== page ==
my friend Bill started the Cornerstone Theater Company.
Bill had directed me in many plays in college and he offered
me a position as an actress. Reluctantly, I turned it down.
I longed for more physical and emotional stability than
the traveling company could provide-they planned to live
in very small towns for threemonth residencies and adapt
classic texts to local conditions-but I wished them well
and watched them closely during their first months.
in Cornerstone (or anywhere else) knew I was a person of
wealth. I wanted to help the struggling company, but I wasn't
ready to "come out." If I wanted to act with Bill in the
future, would others think I had bought a role? Would I
lose friends out of jealousy? Would I have to really admit
to myself that I was wealthy? Despite mixed feelings about
keeping secrets, I decided to give the group money anonymously.
Two books from my childhood helped me craft my plan. Jean
Daddy Long Legs
was a series of letters
from an orphan to the anonymous benefactor who sent her
to college. Frances Hodgson Burnett's
The Little Princess
included a secret friend who sent good food and a warm quilt
to a maligned servant girl in the garret. I loved the magic
of anonymity. I wanted to feel it myself.
end of 1986, I wrote to Charlotte at the management company
in New York where my finances were held. I asked her to
send $10,000 to Cornerstone and say it came from "a believer
in Cornerstone's work." All future correspondence with the
company went through Charlotte, so no one in the group could
recognize the postmark showing my midwestern city location
or anything else about me.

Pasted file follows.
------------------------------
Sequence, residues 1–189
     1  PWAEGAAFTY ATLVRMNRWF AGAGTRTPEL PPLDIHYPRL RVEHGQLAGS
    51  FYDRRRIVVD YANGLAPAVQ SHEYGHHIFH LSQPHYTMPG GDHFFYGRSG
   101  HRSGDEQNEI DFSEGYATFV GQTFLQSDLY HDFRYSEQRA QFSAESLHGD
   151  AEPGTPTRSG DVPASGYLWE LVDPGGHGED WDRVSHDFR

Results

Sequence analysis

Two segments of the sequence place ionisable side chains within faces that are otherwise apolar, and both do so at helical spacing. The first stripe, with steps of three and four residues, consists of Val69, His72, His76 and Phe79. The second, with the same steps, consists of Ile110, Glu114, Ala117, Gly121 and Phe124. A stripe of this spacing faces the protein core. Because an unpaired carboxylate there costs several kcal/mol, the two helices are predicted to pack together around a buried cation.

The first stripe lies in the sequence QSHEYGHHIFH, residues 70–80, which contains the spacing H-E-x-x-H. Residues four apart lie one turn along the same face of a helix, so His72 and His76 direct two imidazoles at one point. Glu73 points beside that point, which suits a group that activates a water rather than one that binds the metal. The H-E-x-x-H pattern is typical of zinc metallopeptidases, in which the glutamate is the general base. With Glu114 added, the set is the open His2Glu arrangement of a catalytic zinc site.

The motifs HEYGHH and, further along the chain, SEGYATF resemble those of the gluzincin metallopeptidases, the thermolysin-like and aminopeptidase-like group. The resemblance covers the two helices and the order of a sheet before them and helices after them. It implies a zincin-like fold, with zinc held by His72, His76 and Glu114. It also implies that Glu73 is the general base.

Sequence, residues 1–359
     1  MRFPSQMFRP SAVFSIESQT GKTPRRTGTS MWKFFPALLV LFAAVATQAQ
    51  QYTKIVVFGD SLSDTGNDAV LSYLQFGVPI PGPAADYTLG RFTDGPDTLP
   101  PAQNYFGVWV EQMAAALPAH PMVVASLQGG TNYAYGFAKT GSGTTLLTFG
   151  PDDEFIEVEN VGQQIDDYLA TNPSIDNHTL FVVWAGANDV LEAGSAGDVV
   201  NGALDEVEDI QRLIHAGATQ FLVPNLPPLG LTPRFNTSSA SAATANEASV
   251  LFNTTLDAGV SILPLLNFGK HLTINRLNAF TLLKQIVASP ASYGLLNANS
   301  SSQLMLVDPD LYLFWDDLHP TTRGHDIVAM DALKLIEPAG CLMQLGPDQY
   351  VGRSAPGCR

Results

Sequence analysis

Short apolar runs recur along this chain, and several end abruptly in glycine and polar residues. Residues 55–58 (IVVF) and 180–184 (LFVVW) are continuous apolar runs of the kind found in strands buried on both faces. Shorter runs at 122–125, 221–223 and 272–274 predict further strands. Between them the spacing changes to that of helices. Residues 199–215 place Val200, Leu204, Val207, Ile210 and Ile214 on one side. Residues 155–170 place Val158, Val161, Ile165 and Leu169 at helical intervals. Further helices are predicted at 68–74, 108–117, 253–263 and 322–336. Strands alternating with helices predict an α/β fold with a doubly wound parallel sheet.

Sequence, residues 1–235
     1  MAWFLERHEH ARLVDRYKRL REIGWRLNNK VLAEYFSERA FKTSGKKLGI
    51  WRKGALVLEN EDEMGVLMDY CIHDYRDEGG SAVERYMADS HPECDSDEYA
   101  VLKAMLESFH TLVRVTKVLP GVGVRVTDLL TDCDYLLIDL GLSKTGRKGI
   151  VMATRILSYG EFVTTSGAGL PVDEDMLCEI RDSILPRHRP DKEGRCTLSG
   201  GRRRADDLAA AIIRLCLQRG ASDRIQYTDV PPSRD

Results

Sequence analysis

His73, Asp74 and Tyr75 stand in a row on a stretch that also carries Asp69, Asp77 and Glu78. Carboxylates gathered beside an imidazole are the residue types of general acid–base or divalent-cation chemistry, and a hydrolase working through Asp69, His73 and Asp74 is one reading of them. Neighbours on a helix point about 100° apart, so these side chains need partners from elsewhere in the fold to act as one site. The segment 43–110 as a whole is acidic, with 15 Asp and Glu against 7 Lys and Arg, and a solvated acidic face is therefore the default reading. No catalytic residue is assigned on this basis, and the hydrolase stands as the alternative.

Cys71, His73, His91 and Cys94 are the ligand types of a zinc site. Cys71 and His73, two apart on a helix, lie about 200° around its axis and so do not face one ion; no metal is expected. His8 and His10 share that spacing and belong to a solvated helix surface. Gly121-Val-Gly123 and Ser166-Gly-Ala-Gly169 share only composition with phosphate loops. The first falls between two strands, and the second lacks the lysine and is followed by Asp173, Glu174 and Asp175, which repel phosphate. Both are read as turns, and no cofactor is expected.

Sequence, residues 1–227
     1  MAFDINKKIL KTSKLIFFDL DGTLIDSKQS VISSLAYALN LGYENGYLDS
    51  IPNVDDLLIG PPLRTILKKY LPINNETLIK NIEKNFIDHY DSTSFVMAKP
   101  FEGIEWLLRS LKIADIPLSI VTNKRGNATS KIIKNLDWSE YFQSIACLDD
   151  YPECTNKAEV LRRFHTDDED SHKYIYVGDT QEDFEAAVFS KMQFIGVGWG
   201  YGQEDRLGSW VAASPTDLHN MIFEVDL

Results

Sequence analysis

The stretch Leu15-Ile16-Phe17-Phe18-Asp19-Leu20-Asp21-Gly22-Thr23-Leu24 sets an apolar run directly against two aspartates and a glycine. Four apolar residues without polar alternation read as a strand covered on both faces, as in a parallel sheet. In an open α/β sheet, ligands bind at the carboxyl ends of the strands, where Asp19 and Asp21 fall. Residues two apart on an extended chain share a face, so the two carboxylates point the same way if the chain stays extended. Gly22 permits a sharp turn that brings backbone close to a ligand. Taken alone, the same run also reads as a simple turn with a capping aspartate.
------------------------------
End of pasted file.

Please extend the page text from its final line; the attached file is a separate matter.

first thank-you letter from Bill and his co-founder to the
believer was a joy. I wept as I read how my money made it
possible for them to embark on their next residency. They
wrote, "We are doing everything we wanted to be doing. We
thank you from the bottom of our hearts for helping us.
Wherever we go from here, you will remain in our thanks
told a few people about my giving, including a good friend,
Joann, who was on Cornerstone's board of directors. Joann
let me know when financial crises hit the company. Several
times, the believer was "out of the country," so the contributions
came early, uncannily timed to pay actors' salaries or fund
the set when cash was low.
grew and the secret checks kept arriving. After six years
on the road, the company settled in Los Angeles, exchanging
rural residencies for urban ones. They were covered by every
major news organization in the country, were the subject
of a documentary film, and changed thousands of lives through
theater. The Believer's relative financial impact shrank,
as other, larger contributors appeared; but the thank you
letters were full of the strength that came from my consistent
contributions. Having the money gave the group stability;
being known and loved by a secret stranger gave them goosebumps.
two, then five, then eleven years of secret giving, Joann
begged me to reveal myself: "It would make them so happy
to be able to thank you," she prodded me. Charles, my financial
advisor and friend, wondered if the anonymity had served
its purpose and it was time to be a public philanthropist.
My husband suggested that "coming out" to Cornerstone was
a logical step in my personal growth. Deep down, I did want
to be thanked, I did want a new relationship with the money,
and I wanted to bring all of myself to the work of giving.
I decided to tell.
Bill and Joann and I were all together at a wedding. I started
a rambling story about Daddy Long Legs and wanting to make
a difference in the world, ending with "I'm the believer."
We all cried. Bill thanked me. He cried more. I told stories
about Joann's secrecy and Charlotte's work and the times
I was sure he knew who I was and we all cried some more.
It was a thrilling day, one of the best in my life.
out did not have the terrible consequences I feared. Although
contact with company members has been shy and awkward, the
heavens didn't fall. No one hated me for being rich. My
friendship with Bill has been strengthened by my acts of
faith and eased by the end of the secret. I will always
struggle to bring my whole self to the work of being an
actress, a philanthropist, and a human being. Having known
the magic of giving anonymously makes the struggle more
- anonymous author
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